Let’s look individually at the the things they want:

They want to be closer to nature.

That likely means living in a much smaller town than the D.C. Metro area. If you want nature to be easily accessible, you’re probably looking at living in a town that has at most 100,000 residents – and likely much smaller.

They want to be able to afford a modest home.

This also points toward a move to a more rural area. I can’t speak for other regions of the country, but much of the Midwest is very affordable.

They want to live in a place with a sense of community.

This, again, speaks towards a smaller town, probably one that’s near an affluent area. A great place to look for this is to look for a small town that’s outside an affluent or educated area, such as a small town within 20 minutes of a college town or a technically adept city. These tend to foster communities of intelligent people who want to live in a small-town environment and often include thriving volunteer work and community activities, both in that small town and in the larger city nearby.

Adding up these points, I would encourage them to look at small towns within a 20 or 30 mile radius of smaller Midwestern cities, particularly those that house a university. In many places, these usually have an abundance of jobs for technically inclined people, but make small town living quite easy. For example, I live within an hour of several decent-sized cities in Iowa, including Des Moines, and yet my backyard has a cornfield bordering it, and there are a lot of technical jobs in this area.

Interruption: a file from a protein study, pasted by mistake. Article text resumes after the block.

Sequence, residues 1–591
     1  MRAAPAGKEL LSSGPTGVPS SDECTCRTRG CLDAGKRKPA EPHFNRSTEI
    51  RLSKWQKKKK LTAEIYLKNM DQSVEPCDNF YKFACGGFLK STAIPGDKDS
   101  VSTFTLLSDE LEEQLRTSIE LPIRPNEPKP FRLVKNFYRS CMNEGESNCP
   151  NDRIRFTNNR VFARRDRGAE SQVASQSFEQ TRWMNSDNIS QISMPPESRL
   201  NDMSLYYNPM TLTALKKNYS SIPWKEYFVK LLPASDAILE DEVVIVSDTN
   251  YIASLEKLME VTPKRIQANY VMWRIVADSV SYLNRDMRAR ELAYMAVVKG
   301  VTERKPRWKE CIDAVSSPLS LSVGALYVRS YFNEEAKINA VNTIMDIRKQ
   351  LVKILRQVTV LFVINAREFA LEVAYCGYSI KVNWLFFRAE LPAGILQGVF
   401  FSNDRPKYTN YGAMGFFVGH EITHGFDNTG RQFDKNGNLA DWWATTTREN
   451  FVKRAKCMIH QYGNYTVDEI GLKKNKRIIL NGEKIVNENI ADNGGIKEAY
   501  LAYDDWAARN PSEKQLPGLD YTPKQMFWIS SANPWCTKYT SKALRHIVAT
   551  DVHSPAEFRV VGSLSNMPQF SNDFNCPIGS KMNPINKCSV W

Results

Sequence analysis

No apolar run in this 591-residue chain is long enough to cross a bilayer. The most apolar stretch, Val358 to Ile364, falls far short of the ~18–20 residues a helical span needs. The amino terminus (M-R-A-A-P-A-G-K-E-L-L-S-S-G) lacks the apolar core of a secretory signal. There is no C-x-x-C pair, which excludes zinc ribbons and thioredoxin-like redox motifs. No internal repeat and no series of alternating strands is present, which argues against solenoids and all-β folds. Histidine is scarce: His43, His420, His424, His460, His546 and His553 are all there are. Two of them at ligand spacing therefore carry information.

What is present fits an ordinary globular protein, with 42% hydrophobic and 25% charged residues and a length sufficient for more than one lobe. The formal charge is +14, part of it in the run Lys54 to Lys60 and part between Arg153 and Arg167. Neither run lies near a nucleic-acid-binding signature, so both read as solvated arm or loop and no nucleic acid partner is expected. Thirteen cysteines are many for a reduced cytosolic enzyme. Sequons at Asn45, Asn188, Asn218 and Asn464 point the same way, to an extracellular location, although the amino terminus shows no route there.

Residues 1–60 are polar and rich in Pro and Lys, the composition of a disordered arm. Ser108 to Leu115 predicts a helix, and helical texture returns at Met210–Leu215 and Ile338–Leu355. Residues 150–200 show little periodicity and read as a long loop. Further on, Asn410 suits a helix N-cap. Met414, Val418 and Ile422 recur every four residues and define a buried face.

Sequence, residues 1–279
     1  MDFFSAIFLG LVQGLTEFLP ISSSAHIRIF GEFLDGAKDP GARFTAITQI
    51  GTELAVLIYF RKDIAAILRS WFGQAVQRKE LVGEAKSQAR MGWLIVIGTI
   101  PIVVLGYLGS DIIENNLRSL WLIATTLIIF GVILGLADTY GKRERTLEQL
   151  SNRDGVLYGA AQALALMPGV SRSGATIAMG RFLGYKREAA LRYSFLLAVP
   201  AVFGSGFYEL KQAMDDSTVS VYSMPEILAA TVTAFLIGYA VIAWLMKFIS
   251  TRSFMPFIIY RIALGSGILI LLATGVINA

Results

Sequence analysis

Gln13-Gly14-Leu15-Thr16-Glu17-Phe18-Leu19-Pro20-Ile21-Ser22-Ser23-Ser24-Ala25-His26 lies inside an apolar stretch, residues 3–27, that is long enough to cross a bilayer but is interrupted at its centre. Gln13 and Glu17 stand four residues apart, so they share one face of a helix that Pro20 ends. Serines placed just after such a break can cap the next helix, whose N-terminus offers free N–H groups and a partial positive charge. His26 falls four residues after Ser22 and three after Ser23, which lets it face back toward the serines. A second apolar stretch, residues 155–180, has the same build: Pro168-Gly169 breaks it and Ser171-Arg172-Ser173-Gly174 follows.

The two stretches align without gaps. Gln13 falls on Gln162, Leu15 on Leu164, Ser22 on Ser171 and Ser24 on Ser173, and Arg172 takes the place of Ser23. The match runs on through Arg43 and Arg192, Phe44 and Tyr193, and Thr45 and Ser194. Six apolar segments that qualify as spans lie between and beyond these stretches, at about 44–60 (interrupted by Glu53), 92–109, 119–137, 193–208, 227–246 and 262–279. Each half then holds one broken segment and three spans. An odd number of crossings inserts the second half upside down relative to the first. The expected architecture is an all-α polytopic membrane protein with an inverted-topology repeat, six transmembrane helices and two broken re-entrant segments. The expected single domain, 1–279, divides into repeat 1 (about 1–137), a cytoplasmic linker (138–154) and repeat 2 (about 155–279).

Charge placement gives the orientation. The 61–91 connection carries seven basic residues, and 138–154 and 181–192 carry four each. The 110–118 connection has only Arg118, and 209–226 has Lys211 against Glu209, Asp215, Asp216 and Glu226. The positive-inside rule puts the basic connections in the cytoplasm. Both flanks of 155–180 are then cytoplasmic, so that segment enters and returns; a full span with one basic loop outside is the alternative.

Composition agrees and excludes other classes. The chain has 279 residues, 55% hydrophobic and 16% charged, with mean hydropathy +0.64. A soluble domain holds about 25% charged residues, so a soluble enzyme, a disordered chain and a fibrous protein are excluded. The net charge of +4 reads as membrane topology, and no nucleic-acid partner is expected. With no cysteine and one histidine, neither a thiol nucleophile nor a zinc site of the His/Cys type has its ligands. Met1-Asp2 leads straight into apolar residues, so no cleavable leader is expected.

We want to be living a simpler life and because doing what we were “supposed to” up until this point has lead us to very stressful, complicated lives, we’re not really sure where to even start. We’d love to pack up the car, drive across the country (something we’ve always wanted to do, always had the money to do, but never had the time to do) and eventually wind up in our new town.

That’s an awesome plan, especially since you have the freedom of youth on your side.

But how do we find this new town and should we lock down work first? What about health insurance? Should we go down to the courthouse and get married just to increase the odds that we’ll both be insured? Is there any way for people in our situation to purchase affordable insurance to make sure we’re covered for the few months of instability a move like this would cause?

If you buy into the idea I presented above, here’s what I would do:

Make a list of potential matching cities in the Midwest.